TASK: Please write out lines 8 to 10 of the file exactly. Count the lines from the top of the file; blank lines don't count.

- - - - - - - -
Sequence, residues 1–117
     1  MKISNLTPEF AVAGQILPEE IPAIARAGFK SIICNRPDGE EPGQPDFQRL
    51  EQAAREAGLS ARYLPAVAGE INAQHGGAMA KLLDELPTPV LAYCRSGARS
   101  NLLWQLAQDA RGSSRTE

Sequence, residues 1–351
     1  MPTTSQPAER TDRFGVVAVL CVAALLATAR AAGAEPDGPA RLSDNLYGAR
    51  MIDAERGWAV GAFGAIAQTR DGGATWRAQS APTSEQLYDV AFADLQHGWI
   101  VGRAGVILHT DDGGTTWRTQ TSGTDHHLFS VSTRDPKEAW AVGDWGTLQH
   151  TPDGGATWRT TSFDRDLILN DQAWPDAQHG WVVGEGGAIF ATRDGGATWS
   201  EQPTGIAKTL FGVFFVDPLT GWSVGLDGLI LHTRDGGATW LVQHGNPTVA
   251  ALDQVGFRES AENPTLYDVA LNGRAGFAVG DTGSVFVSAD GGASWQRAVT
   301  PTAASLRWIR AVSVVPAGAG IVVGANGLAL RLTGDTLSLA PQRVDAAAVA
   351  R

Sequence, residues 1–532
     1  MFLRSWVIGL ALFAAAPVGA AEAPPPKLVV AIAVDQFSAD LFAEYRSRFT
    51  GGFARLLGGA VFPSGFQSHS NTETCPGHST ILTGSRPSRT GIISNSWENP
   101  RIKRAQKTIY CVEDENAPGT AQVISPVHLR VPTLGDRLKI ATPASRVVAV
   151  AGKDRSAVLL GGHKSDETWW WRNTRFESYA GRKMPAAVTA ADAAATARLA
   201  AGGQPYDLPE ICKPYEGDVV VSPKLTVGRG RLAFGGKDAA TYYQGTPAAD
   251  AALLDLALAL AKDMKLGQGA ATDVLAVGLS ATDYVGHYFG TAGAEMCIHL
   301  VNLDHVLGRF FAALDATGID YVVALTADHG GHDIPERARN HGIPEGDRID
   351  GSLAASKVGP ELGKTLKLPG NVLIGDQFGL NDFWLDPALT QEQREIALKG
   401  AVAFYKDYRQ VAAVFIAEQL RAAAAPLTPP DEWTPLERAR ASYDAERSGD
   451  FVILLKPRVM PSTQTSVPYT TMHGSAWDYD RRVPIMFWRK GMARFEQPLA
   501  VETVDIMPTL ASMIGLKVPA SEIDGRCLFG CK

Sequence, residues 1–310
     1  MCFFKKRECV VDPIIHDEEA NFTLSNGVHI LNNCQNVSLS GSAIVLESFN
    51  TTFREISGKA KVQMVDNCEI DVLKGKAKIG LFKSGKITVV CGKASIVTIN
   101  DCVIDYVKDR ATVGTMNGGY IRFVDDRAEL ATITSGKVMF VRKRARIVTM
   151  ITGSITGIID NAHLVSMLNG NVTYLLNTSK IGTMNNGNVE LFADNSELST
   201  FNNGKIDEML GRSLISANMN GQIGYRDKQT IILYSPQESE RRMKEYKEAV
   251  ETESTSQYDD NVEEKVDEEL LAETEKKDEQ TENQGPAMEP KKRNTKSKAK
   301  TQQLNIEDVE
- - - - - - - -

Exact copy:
   101  VGRAGVILHT DDGGTTWRTQ TSGTDHHLFS VSTRDPKEAW AVGDWGTLQH
   151  TPDGGATWRT TSFDRDLILN DQAWPDAQHG WVVGEGGAIF ATRDGGATWS
   201  EQPTGIAKTL FGVFFVDPLT GWSVGLDGLI LHTRDGGATW LVQHGNPTVA